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Complete excision of esophageal bronchogenic cyst by endoscopic submucosal tunnel dissection: a case presentation

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Abstract

Background

Intramural esophageal bronchogenic cyst is very rare. Surgical removal of the cysts is advised even the patients are asymptomatic, since the cyst can lead to complications, and there is a risk of malignant transformation. Thoracotomy or thoracoscopy is the most commonly used approach for complete excision of the cysts. To our knowledge, this is the first report to excise intramural esophageal bronchogenic cyst completely by endoscopic submucosal tunnel dissection (ESTD).

Case presentation

A 40-year-old male was referred to our hospital due to the detection of a submucosal tumor at the distal esophagus. The tumor was found during gastroendoscopy in a general health check-up. The patient had no symptoms. A benign esophageal tumor was confirmed by endoscopic ultrasonography (EUS) and computed tomography (CT). On the basis of these results, ESTD was performed. During the procedure, a cystic mass was observed between the mucosa and the muscular layers of the esophagus, and a hybrid knife was used for dissection. Histopathological examination showed the cyst wall was lined by pseudostratified ciliated columnar epithelium, consistent with a bronchogenic cyst. The esophagography using meglumine diatrizoate showed no leakage on the seventh day after ESTD. The patient remained asymptomatic and had a regular diet during the follow-up period.

Discussion and conclusions

We successfully utilized ESTD for complete removal of esophageal bronchogenic cysts originating from the muscularis propria. The approach appeared safe, providing a minimally invasive treatment option for patients.

Background

Bronchogenic cyst is a congenital lesion derived from the primitive foregut, and is one of the most common primary cysts of the mediastinum. Although periesophageal bronchogenic cysts have been frequently reported, a completely intramural cyst is rare [1]. Bronchogenic cysts are usually asymptomatic, but there is a risk of malignant transformation and an increased risk of developing complications in adulthood [2, 3]. A surgical resection is therefore recommended. Thoracotomy or thoracoscopy are the common approaches for the resection in adults [1]. In this report, we share our experiences in treating intramural esophageal bronchogenic cyst by a novel method, endoscopic submucosal tunnel dissection (ESTD). We also provided a review of the literatures on the treatment of esophageal bronchogenic cysts.

Case presentation

A 40-year-old male was referred to our hospital due to the detection of a submucosal tumor at the distal esophagus. The tumor was found during gastroendoscopy in a general health check-up. The patient had no dysphagia, chest pain, vomit, fever, cough nor dyspnea. No clinically significant abnormalities were found during physical examination. Laboratory results were all within normal range, which included serum tumor marker (CEA at 2.56 ng/mL; CA19–9 at < 2.00 U/mL), complete blood test, erythrocyte sedimentation rate, hepatic and renal function tests. During the gastroendoscopy, an abnormal swelling covered with normal mucosa was found on the right wall of esophagus at 35 cm from the incisors (Fig. 1). Endoscopic ultrasound (EUS) demonstrated a mass arising from muscularis propria, with a size of about 3.0*2.0 cm (Fig. 2). On computed tomography (CT), the mass was a soft-tissue from the distal esophageal wall. On the basis of these results, a benign esophageal tumor was suspected (Fig. 3), and ESTD was then performed to treat that. However, during the procedure, a cystic mass between the mucosa and muscular layers of the esophagus was observed, and a dissection was performed using the hybrid knife (Fig. 4). The resected lesion was shown in Fig. 5, and Hematoxylin and Eosin (H&E) staining was performed on the specimen. The staining showed that the cyst was lined by a pseudostratified ciliated columnar epithelium, a characteristic consistent with a bronchogenic cyst (Fig. 6). The esophagography with meglumine diatrizoate showed no leakage on the seventh day after ESTD (Fig. 7). The patient remained asymptomatic and had a regular diet during the follow-up period.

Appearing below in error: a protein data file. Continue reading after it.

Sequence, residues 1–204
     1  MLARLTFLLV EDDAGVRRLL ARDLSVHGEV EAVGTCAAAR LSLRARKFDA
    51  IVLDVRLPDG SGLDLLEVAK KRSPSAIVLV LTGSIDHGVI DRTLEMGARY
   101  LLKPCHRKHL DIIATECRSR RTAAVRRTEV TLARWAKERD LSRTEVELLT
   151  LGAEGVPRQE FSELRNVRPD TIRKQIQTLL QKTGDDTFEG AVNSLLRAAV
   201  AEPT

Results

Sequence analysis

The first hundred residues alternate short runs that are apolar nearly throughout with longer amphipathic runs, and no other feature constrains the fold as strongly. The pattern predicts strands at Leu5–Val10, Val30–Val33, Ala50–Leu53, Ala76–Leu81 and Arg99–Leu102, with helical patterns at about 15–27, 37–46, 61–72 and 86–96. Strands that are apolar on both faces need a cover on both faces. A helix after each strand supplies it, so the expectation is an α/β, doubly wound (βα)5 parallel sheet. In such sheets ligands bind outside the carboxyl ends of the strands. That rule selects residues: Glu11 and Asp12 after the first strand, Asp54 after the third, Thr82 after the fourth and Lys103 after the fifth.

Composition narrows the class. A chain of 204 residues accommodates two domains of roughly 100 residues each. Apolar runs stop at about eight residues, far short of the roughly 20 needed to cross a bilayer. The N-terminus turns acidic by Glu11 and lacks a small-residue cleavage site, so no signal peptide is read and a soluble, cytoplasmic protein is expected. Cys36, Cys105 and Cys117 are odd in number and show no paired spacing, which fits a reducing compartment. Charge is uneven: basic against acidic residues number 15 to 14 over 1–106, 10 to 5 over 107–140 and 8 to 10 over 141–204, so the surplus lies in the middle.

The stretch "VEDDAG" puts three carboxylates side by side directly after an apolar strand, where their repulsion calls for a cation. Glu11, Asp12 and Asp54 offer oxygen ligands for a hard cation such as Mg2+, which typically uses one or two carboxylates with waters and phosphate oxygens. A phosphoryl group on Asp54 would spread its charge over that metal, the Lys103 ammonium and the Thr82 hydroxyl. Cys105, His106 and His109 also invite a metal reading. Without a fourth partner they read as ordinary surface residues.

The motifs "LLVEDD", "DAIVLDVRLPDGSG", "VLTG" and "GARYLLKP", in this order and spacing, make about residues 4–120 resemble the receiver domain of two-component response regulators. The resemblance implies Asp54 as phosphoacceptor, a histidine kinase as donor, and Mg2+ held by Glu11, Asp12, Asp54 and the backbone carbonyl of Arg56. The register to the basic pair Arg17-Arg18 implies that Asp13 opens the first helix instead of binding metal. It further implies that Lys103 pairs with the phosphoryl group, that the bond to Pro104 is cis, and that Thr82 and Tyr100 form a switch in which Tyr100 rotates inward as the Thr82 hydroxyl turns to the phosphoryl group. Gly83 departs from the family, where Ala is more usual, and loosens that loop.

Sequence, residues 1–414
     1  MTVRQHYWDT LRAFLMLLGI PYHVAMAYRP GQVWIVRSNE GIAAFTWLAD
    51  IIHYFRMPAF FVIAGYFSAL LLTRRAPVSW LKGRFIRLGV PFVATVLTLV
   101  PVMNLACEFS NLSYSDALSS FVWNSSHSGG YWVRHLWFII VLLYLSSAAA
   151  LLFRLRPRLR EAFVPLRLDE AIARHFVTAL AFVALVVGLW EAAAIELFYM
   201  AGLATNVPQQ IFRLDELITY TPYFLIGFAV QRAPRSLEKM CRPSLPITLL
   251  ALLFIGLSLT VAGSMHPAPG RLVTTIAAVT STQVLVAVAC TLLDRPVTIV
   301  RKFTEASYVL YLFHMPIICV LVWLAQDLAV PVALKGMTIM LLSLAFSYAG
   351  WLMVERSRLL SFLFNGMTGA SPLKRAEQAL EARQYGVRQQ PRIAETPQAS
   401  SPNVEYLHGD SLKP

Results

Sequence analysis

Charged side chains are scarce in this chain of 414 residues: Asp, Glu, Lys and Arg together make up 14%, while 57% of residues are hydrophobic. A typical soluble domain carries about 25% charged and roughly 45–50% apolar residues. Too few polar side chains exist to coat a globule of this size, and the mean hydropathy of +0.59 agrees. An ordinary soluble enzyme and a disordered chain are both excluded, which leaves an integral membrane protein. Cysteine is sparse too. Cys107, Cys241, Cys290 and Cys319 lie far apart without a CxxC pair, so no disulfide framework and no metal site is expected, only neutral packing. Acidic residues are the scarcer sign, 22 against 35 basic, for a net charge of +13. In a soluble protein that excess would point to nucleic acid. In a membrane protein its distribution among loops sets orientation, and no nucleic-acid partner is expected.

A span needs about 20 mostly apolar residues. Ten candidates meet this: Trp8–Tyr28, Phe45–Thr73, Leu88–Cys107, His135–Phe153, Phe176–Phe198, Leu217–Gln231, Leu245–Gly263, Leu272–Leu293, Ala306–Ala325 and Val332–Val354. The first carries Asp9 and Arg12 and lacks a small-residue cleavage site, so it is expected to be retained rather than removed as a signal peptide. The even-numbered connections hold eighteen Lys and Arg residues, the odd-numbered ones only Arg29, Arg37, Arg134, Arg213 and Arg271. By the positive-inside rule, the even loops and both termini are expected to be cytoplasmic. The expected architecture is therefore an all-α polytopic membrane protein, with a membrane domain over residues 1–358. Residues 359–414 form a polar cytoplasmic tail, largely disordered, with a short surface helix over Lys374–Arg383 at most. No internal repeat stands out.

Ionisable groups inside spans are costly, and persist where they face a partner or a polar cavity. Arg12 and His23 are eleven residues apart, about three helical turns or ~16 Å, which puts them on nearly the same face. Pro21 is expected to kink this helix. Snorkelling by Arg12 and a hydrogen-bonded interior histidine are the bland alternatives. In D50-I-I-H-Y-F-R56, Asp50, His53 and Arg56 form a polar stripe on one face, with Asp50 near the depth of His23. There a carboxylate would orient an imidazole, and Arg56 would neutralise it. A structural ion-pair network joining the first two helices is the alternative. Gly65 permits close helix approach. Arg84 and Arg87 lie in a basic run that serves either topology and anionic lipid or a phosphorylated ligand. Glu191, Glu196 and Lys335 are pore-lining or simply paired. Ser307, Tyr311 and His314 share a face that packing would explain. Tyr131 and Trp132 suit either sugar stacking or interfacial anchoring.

Fig. 1
figure1

Gastroscopy showed a hemispheric elevation covered by normal mucosa located in the distal portion of the esophagus at 35 cm from the incisors

Fig. 2
figure2

Endoscopic ultrasound showed the anechoic mass arising from muscularis propria, with the size of about 3.0*2.0 cm

Fig. 3
figure3

CT demonstrated a soft-tissue attenuation mass from the distal esophageal wall

Fig. 4
figure4

Esophageal bronchogenic cyst excised completely by endoscopic submucosal tunnel dissection. a The entrance of the esophageal submucosal tunnel. b The esophageal bronchogenic cyst was dissociated. c The entrance to the submucosal tunnel was closed by the endoclips

Fig. 5
figure5

The resected lesion

Fig. 6
figure6